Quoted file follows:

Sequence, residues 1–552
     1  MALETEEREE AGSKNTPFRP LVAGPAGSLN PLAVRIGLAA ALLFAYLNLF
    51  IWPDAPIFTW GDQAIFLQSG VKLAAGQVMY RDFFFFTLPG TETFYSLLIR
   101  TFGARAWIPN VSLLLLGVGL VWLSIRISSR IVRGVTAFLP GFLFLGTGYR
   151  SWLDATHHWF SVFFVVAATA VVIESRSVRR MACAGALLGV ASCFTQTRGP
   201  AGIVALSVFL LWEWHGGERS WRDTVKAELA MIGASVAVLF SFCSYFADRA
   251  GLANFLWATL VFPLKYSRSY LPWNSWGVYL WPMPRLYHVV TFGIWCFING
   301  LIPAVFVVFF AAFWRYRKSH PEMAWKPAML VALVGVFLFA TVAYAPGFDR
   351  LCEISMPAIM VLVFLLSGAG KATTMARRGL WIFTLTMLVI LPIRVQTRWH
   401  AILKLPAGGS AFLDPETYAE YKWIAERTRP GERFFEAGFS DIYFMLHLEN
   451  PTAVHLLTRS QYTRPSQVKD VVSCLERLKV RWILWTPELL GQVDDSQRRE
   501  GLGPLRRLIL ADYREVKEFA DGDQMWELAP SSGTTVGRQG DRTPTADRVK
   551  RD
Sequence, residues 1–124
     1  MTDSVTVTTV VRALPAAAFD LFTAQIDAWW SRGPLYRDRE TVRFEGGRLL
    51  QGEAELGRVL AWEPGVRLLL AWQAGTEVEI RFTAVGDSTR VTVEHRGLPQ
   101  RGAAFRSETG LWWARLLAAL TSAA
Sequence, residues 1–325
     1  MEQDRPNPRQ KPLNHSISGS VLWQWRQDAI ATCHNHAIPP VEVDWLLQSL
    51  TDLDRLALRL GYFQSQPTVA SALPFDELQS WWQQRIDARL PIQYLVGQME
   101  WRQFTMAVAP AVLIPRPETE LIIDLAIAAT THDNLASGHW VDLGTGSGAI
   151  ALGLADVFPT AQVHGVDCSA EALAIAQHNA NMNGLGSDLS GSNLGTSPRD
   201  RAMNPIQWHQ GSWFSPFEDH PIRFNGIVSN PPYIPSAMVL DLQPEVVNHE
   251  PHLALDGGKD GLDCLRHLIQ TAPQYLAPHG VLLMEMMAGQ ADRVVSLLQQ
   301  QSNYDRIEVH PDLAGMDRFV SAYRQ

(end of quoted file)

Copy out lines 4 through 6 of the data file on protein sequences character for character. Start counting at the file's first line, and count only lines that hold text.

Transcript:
   101  TFGARAWIPN VSLLLLGVGL VWLSIRISSR IVRGVTAFLP GFLFLGTGYR
   151  SWLDATHHWF SVFFVVAATA VVIESRSVRR MACAGALLGV ASCFTQTRGP
   201  AGIVALSVFL LWEWHGGERS WRDTVKAELA MIGASVAVLF SFCSYFADRA